(RECAP: Jerry and Inez Baldwin had been counting on getting a small sum of money from the settlement of a class-action lawsuit involving toxic Chinese-made drywall. The proceeds would amount to nowhere near the $180,000 that the Williamsburg couple lost after fleeing their contaminated home in June 2013, but it was the only money related to the defective wallboard that was set to come their way. Now, though, mortgage giant Fannie Mae has staked a claim to their money -- and that of nine other Virginia families. A Fannie Mae spokeswoman said the company would not comment on why it believes it is entitled to the settlement money.)
Realty Today , Friday, August 22, 2014
(RECAP: American singles in their late twenties and early thirties believe that buying a home is a huge step towards securing their financial future, a new survey found. The study, conducted by Century 21 Real Estate, found that about 75 percent or three quarters of the respondents said that homeownership was of extreme importance to them. Last year, the Census Bureau said that about 33 million Americans now live alone. Single buyers make up more than a quarter of the total homebuyers market, according to the National Association of Realtors.)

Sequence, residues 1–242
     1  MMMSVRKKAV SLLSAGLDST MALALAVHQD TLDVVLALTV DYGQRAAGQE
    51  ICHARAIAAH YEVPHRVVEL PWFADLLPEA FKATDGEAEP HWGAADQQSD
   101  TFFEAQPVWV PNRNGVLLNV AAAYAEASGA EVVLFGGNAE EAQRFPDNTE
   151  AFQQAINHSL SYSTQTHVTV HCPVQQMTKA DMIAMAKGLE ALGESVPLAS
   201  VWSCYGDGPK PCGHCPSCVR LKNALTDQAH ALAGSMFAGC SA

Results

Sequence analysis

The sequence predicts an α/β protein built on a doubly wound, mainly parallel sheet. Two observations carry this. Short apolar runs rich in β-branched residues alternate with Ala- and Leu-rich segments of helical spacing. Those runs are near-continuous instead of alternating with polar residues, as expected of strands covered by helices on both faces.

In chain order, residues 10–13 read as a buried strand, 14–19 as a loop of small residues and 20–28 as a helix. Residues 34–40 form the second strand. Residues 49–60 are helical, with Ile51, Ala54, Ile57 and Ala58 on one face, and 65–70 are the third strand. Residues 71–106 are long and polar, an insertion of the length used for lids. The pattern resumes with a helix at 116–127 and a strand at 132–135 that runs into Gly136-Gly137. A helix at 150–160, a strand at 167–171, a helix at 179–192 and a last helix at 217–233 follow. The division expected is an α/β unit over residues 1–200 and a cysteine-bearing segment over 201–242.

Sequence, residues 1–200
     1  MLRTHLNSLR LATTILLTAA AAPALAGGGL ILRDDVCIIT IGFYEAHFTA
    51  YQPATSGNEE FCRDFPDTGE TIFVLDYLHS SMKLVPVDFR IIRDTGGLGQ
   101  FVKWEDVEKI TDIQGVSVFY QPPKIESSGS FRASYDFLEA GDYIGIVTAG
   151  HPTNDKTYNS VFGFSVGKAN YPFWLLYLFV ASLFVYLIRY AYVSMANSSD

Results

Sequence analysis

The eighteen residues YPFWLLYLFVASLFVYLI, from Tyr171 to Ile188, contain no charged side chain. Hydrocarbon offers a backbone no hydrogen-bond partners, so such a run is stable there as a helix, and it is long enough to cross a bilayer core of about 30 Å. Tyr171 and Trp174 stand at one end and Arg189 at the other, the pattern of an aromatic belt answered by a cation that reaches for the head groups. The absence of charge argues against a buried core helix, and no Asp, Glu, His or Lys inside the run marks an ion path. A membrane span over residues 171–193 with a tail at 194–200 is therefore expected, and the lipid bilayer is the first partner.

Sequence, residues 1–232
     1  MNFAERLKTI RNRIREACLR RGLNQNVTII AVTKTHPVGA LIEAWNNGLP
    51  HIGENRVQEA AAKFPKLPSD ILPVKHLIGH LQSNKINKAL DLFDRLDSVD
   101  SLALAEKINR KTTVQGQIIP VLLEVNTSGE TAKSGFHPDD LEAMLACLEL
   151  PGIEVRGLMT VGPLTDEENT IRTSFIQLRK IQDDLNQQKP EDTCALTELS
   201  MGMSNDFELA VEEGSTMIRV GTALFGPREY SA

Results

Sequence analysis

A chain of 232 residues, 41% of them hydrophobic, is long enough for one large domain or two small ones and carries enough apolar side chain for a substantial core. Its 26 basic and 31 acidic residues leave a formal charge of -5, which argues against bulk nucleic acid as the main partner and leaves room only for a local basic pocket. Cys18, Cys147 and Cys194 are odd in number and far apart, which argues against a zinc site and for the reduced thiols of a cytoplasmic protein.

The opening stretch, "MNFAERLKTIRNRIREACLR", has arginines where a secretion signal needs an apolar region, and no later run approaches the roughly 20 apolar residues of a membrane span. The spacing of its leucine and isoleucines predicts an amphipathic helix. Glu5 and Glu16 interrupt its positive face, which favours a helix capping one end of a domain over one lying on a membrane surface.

The Wall Street Journal , Thursday, August 21, 2014
(RECAP: The Federal Reserve is on track to end its historic bond-buying program in October, but that won’t mean the disappearance of a central banking tool that proved controversial inside and outside the institution. Though deeply divisive on Wall Street and in Congress and academia, many top Fed officials believe their bond buying helped stabilize markets during the crisis and support economic growth afterward. Fed Chairwoman Janet Yellen recently told a congressional committee she wouldn’t rule out more bond buying in the future.)
Affordable Housing Finance, Thursday, August 21, 2014
(RECAP: The Treasury Department has guaranteed $325 million in bonds to support community and economic development projects in low-income neighborhoods across the country. Affordable housing deals are among the early projects being funded under the new Community Development Financial Institutions (CDFI) Bond Guarantee Program. Eligible CDFIs and qualified issuers in the inaugural round include the Local Initiatives Support Corp. (LISC) and Enterprise Community Loan Fund, each of which will receive $50 million through two bonds. Enterprise has committed more than $10.5 million of its bond proceeds to two projects. The first preserves the affordability of 252 homes in Hampton, Va.)
HousingWire, Thursday, August 21, 2014
(RECAP: The housing tax credit should be raised 50%, a balance must be struck between an affordable housing policy and restricting mortgage availability to qualified borrowers, and the GSE status quo cannot hold. Those were some of the high points and recommendations from panel discussions at the Bipartisan Policy Center Housing Commission’s regional forum held Sun Valley, Idaho. Housing leaders, including Assistant HUD Secretary and FHA Commissioner Carol Galante; Republican Sens. Mike Crapo and James Risch; former Sens. Mel Martinez and Kit Bond, and former Clinton administration HUD Secretary Henry Cisneros, led the discussion on regional housing issues as well as housing finance reform, community lending and the role of small banks and innovations in rural housing.)